The Sacraments: First Holy Communion
The second sacrament of initiation is First Holy Communion. First Holy Communion is considered one of the holiest and most important occasions in our lives because it is the first time that we receive the Sacrament of the Holy Eucharist. The Holy Eucharist refers to Christ’s body, blood, soul and divinity – truly present in the consecrated bread and wine. Holy Communion unites us to Jesus – which is the entire purpose of our lives!
As Catholics, we know that the Holy Eucharist is the source and summit of our faith: Pope Francis has called it the “Sacrament of Love”. For children who are preparing to receive their First Holy Communion, this is a big deal. And for all of us, every single time we receive Our Lord in the Holy Eucharist, it should always be a big deal. What makes it so special the first time is the same thing that makes it special every time!
What makes it so special? Holy Communion is necessary for a healthy spiritual life; without it we are not fully united to Christ and cannot live a life fully immersed in His love. Jesus comes to us in a very unique way in the Eucharist – we physically receive him into our body and our soul. This sacrament is very beautiful, personal, and intimate and we should never take it for granted. Additionally, Holy Eucharist is the only sacrament of initiation that we can, and are encouraged to, receive daily.
There are special graces that God gives us whenever we participate in the Holy Sacrifice of the Mass, the Eucharist.
Holy Communion deepens our union with Christ.
- When we receive Communion, we are saying to Jesus Christ, “Here I am. Here is my life. Do with it what You will.” We surrender our entire selves to Him, and He surrenders Himself to us. Receiving Holy Communion can transform us so that we become more and more like Christ.
Holy Communion separates us from sin.
- The Eucharist cleanses us of venial sin and strengthens us against temptation. If we are united to Christ, He will heal us of past sins and guard us in His love.
Holy Communion strengthens our charity.
- Holy Communion strengthens the bonds of charity within us—and by “charity,” the Church means the complete, self-emptying love of Christ. When we are united to Christ, we are also united to one another. By receiving Communion, we allow God to work His will into our hearts and lives and we become better brothers and sisters to one another.
Most children receive their First Holy Communion when they are 7 or 8 years old, or in second grade. Preparation for this sacrament is a two-year process that begins in first grade and culminates at the end of second grade. This preparation also includes First Reconciliation which takes place prior to First Holy Communion. There is not a separate rite for First Holy Communion, rather it takes place within the liturgy.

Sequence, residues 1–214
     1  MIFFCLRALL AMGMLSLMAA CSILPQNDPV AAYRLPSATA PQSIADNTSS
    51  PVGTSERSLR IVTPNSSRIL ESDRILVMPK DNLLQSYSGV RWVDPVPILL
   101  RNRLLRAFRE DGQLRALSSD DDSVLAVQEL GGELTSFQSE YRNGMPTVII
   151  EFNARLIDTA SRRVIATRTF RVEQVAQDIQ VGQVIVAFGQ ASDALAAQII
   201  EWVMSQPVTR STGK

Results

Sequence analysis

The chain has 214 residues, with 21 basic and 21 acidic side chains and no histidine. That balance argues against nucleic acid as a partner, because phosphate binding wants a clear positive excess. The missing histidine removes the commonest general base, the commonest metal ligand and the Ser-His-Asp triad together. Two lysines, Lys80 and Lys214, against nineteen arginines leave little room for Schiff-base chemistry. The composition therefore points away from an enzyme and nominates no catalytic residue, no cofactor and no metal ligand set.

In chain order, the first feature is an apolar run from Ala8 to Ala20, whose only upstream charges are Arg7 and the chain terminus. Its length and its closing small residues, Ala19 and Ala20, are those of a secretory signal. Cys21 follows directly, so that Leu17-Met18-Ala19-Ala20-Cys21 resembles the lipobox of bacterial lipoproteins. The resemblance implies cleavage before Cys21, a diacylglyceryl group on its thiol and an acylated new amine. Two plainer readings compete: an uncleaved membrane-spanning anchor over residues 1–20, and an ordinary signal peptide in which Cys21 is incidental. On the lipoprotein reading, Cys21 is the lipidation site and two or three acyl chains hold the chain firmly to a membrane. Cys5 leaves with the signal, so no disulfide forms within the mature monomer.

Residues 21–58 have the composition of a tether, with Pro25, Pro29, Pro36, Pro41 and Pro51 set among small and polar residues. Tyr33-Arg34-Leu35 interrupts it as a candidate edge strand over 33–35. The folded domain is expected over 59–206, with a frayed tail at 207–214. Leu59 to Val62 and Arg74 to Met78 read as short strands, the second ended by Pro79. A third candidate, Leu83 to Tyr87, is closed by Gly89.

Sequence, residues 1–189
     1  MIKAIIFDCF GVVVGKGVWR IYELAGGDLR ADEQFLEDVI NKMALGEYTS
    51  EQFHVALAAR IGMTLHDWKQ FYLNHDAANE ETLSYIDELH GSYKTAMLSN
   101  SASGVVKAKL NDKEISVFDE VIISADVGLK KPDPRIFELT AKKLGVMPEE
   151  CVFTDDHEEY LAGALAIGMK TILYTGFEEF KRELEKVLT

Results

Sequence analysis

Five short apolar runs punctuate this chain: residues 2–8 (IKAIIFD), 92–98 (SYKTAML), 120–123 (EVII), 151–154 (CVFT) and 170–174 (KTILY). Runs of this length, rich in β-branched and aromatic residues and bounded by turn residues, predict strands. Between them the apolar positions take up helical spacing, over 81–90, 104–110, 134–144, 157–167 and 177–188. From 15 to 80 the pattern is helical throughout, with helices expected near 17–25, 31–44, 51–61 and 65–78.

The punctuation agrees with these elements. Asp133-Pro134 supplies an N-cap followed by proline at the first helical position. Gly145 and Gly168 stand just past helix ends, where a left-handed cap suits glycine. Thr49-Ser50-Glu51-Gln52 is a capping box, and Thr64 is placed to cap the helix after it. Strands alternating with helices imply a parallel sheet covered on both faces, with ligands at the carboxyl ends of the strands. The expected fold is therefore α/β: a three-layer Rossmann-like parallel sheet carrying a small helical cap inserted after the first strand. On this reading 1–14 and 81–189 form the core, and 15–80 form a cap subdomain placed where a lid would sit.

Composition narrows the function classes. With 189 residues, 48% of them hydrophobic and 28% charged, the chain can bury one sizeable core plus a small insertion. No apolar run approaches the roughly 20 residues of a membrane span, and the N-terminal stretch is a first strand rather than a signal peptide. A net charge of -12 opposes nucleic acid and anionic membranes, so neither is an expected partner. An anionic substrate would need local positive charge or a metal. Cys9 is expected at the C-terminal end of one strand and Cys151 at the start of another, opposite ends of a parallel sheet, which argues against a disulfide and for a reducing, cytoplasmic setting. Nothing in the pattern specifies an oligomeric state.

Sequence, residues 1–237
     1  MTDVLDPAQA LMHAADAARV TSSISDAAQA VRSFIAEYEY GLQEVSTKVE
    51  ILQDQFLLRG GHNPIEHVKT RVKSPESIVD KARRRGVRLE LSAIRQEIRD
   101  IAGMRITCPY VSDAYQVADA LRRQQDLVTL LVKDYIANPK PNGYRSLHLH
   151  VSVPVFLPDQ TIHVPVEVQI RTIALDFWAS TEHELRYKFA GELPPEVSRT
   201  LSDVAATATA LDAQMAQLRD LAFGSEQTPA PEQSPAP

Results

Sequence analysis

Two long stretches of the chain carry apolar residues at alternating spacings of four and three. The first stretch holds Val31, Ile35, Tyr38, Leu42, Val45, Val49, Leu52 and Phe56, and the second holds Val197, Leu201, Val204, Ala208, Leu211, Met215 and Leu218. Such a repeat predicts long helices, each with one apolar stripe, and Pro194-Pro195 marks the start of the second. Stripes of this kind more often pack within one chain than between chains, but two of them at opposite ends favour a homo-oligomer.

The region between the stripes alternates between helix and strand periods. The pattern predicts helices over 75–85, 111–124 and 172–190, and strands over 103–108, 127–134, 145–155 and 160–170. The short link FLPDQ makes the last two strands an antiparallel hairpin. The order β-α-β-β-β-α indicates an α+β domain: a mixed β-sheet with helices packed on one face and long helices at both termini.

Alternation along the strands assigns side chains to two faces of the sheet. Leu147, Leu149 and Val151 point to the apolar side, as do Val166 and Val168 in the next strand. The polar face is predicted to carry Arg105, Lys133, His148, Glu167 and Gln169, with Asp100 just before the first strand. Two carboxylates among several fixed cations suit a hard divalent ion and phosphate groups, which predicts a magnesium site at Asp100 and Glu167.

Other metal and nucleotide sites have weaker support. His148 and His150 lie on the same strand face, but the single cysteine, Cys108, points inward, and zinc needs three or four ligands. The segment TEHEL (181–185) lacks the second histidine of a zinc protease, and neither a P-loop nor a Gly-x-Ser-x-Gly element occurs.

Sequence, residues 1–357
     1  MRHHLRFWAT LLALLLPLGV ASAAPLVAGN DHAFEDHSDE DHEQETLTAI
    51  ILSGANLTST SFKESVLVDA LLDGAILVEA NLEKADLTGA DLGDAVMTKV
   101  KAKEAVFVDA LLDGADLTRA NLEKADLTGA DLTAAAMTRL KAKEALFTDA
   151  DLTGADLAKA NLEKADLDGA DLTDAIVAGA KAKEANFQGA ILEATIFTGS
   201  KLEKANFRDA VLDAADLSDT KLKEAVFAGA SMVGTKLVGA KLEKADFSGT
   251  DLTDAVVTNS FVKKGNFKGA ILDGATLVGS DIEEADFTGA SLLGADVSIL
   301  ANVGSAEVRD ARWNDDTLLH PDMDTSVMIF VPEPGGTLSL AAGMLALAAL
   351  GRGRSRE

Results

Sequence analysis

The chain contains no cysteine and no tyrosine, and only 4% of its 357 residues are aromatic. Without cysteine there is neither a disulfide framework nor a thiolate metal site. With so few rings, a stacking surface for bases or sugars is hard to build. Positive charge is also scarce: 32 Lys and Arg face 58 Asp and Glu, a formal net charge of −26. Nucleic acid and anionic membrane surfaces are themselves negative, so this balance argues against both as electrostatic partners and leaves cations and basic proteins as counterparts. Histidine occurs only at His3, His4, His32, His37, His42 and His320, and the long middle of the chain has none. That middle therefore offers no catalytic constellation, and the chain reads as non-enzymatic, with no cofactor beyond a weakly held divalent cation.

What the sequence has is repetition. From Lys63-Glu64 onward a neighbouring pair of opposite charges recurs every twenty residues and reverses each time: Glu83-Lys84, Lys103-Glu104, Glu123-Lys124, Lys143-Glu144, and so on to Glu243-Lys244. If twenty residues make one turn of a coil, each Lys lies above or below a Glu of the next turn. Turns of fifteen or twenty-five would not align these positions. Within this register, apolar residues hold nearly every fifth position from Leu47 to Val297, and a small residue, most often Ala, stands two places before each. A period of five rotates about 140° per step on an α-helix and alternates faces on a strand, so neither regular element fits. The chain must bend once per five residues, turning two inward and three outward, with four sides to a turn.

First Holy Communion is, without question, a time of great joy. The saints in heaven, who are delighted to intercede for us, are celebrating along with your family. The boy or girl preparing for this sacrament is going to be profoundly united with Jesus in a way that they never have before!
St. Mother Teresa said the following: “Jesus has made Himself the Bread of Life to give us life. Night and day, He is there. If you really want to grow in love, come back to the Eucharist…”
Here are some commonly asked questions about First Holy Communion…
What if my child is older and has not yet received this sacrament?
- Older children who are Baptized Catholic can prepare for their First Holy Communion by completing the same catechesis. Our Director of Lifelong Faith Formation will work with these children to complete the required preparation. Adults that wish to receive this sacrament would complete their catechesis through our RCIA (Rite of Christian Initiation of Adults) process.
Why can’t non-Catholics receive communion in the Catholic Church?
- The Eucharist is the body, blood, soul, and divinity of Jesus Christ. We must be properly prepared to receive it (1 Cor. 11:26-29). A non-Catholic who does not believe in the Real Presence would not be properly prepared to receive the Eucharist.
Why do some people ask for a blessing rather than receive communion?
- Anyone aware of having committed a grave sin should refrain from receiving Communion without first obtaining absolution in the sacrament of Reconciliation. They can, however, ask the Priest or Eucharistic Minister for a blessing.
This is the third installment in a series of articles about the Seven Sacraments, contributed by Deacon Peter LeTourneau, Director of Parish Ministry and Evangelization at Our Lady of the Wayside Parish. Please feel free to reach out to Deacon Peter with questions or comments at firstname.lastname@example.org.
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